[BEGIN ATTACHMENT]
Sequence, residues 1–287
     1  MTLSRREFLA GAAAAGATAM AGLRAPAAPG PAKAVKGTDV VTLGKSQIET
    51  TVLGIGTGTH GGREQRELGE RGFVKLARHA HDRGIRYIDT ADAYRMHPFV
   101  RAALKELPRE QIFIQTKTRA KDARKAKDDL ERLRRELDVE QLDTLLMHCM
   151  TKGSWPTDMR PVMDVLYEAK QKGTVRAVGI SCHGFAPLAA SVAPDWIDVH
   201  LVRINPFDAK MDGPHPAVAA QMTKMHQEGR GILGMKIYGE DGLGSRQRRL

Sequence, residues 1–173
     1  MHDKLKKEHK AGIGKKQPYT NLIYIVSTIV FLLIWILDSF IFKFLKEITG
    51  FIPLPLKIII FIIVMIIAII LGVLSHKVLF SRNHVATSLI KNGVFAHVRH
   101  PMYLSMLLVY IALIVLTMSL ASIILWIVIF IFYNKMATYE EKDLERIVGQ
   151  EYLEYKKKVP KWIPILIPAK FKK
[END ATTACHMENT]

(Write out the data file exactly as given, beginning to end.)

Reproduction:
Sequence, residues 1–287
     1  MTLSRREFLA GAAAAGATAM AGLRAPAAPG PAKAVKGTDV VTLGKSQIET
    51  TVLGIGTGTH GGREQRELGE RGFVKLARHA HDRGIRYIDT ADAYRMHPFV
   101  RAALKELPRE QIFIQTKTRA KDARKAKDDL ERLRRELDVE QLDTLLMHCM
   151  TKGSWPTDMR PVMDVLYEAK QKGTVRAVGI SCHGFAPLAA SVAPDWIDVH
   201  LVRINPFDAK MDGPHPAVAA QMTKMHQEGR GILGMKIYGE DGLGSRQRRL

Sequence, residues 1–173
     1  MHDKLKKEHK AGIGKKQPYT NLIYIVSTIV FLLIWILDSF IFKFLKEITG
    51  FIPLPLKIII FIIVMIIAII LGVLSHKVLF SRNHVATSLI KNGVFAHVRH
   101  PMYLSMLLVY IALIVLTMSL ASIILWIVIF IFYNKMATYE EKDLERIVGQ
   151  EYLEYKKKVP KWIPILIPAK FKK